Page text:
He was considered un-reachable as a human being. Beyond help, really. And the only treatment he received was two large daily doses of those drugs that mental hospitals give patients to make them more tractable, and which makes keeping things clean so much easier.
One day I decided to bring my guitar to the ward and sing for them. The head nurse saw nothing wrong with that, and agreed. Might even do them some good.
So I sat down and began to play. Soon most of the room had gathered around me, curious, scared, confused some, and some intent on touching me and my guitar as if to make sure that this was really happening.
This is when Kaiser stopped shuffling around, and instead almost stormed in among the gathered throng and physically pulled away from me those that tried to touch me. Done with making sure I was not interfered with, he planted himself right in front of me, standing straight, and with the biggest grin on his face, shining really.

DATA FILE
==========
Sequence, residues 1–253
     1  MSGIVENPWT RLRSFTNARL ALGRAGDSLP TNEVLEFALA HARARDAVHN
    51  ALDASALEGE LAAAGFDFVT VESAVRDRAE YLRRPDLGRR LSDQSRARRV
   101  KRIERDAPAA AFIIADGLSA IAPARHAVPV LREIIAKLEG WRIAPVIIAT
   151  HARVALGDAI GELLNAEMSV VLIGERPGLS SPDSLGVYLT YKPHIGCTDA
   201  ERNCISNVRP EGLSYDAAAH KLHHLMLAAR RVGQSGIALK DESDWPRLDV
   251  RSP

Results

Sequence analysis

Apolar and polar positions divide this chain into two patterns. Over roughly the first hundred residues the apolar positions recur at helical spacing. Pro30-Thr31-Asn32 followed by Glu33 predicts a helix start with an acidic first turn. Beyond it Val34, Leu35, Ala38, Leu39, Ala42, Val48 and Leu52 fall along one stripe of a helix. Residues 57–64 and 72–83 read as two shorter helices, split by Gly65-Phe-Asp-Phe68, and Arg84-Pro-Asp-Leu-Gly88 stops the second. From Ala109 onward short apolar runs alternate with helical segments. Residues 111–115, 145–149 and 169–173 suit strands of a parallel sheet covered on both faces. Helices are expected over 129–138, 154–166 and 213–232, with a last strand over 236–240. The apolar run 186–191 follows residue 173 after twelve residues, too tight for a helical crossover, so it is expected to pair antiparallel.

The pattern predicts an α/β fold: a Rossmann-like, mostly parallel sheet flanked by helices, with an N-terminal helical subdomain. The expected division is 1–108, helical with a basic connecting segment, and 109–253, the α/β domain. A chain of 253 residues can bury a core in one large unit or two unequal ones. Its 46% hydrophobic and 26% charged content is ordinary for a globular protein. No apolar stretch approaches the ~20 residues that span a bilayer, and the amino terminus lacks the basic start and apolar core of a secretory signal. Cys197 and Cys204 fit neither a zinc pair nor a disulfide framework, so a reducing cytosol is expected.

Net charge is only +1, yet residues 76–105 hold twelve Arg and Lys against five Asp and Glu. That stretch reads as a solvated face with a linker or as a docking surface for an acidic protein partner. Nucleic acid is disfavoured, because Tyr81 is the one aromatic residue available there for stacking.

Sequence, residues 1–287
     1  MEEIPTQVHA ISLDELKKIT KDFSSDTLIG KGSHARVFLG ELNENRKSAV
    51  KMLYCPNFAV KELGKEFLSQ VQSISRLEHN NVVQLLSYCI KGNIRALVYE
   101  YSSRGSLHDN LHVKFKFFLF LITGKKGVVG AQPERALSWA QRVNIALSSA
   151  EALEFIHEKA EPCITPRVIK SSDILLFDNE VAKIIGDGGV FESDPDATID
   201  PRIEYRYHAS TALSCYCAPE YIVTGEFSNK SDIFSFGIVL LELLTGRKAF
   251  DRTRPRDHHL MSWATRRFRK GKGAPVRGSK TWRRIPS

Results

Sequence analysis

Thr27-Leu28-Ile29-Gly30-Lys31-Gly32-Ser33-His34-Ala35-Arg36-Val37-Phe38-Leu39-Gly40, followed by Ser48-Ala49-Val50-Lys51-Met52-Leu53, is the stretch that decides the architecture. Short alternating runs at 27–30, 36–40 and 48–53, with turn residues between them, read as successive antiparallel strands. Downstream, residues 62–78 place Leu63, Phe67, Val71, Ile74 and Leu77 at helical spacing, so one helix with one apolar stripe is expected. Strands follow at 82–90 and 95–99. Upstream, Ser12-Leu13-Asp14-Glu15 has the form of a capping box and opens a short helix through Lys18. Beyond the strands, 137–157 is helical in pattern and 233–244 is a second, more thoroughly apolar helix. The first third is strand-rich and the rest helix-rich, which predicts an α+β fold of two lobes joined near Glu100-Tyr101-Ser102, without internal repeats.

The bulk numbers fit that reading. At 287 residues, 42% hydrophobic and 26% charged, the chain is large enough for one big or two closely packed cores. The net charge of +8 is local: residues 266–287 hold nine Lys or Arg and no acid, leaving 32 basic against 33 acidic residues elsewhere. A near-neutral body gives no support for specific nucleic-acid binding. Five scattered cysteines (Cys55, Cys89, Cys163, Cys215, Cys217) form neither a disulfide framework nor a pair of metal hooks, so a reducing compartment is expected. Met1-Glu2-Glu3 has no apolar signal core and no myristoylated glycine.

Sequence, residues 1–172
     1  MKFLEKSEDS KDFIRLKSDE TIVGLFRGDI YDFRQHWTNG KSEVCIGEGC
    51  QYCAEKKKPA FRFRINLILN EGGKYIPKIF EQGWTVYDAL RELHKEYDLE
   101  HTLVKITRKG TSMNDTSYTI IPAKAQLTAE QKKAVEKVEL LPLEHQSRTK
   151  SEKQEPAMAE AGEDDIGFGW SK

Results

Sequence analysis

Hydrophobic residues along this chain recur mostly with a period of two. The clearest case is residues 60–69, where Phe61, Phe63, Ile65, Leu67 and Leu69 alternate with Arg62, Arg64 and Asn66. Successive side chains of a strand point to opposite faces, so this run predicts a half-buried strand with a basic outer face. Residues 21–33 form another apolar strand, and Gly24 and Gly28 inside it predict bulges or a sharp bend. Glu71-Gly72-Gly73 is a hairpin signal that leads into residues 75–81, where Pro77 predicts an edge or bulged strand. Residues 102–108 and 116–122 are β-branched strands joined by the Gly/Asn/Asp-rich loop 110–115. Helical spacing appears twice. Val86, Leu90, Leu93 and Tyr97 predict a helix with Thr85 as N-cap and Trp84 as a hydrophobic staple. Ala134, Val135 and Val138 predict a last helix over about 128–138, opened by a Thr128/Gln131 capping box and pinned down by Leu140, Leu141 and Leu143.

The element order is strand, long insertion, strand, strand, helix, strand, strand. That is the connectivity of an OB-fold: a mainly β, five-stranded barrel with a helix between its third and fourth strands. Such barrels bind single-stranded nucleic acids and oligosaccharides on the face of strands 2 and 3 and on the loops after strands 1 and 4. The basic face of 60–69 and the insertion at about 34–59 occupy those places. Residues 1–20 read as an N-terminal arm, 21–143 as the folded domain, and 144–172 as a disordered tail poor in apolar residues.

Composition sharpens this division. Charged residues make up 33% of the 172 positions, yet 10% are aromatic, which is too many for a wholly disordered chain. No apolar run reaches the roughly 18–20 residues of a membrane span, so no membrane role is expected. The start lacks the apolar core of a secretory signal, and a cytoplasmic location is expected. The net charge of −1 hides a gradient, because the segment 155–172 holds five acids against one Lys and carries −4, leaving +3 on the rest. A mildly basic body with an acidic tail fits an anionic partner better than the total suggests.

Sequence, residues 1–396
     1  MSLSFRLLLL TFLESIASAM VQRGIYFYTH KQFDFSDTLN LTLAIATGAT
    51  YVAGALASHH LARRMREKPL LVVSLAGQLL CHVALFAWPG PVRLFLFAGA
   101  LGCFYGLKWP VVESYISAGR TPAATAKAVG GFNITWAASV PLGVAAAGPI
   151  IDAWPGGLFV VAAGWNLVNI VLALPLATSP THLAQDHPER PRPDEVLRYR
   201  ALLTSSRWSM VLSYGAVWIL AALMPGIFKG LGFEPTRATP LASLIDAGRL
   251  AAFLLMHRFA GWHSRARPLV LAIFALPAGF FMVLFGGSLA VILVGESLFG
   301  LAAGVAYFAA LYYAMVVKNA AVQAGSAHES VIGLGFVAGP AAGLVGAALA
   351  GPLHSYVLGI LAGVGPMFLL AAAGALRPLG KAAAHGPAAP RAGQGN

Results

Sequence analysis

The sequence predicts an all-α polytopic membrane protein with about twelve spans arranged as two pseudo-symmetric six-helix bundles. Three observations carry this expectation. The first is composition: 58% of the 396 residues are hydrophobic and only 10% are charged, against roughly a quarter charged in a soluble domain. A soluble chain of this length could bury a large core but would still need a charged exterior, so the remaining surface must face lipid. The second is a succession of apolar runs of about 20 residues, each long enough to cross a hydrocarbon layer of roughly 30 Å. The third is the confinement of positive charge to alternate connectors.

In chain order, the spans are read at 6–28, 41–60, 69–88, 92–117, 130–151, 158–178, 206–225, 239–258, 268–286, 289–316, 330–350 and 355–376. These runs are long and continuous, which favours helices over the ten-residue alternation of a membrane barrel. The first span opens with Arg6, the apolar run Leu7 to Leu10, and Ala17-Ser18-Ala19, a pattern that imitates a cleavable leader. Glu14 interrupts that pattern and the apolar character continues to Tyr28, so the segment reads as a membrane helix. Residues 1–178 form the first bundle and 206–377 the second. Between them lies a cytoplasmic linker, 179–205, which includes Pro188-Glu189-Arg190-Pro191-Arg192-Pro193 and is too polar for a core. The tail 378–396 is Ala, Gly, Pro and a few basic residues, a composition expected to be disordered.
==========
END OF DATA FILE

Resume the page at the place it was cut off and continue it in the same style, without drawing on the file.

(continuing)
I could not believe my eyes (nor could, as it turned out, any of the other nurses). The moment was magical, and I just kept playing. Kaiser kept smiling. Then it was time for their meal and meds.
Sitting up in bed that night, writing in my journal, I noted this amazing Truth (referring to Kaiser): The Spirit is that thing which cannot be killed.
Kaiser’s spirit, however deeply it had been buried, rose to the surface that day, and erupted in a smile. I knew this was a truth, an incredibly valuable truth.
The next day the head nurse called me into her office. Quite something with Kaiser, wasn’t it? she said. I agreed. Do you know what he was before the war? she asked. I didn’t know.
A concert pianist, she said.
The impact of that almost made me cry. Kaiser was a musician who had heard live music for the first time in twenty-five years, and that live music had brought him awake. The unkillable spirit.
Into the frame of truth he went, smiling and all.
A few days later I had a vision. I saw the world, the universe, as a painting. And everything in that painting looked up and said “good,” looked down and said “bad.” They looked up and said “God,” looked down and said “The Devil.” They looked up and said “heaven,” looked down and said “hell.” Looked up and said “beautiful,” looked down and said “ugly.”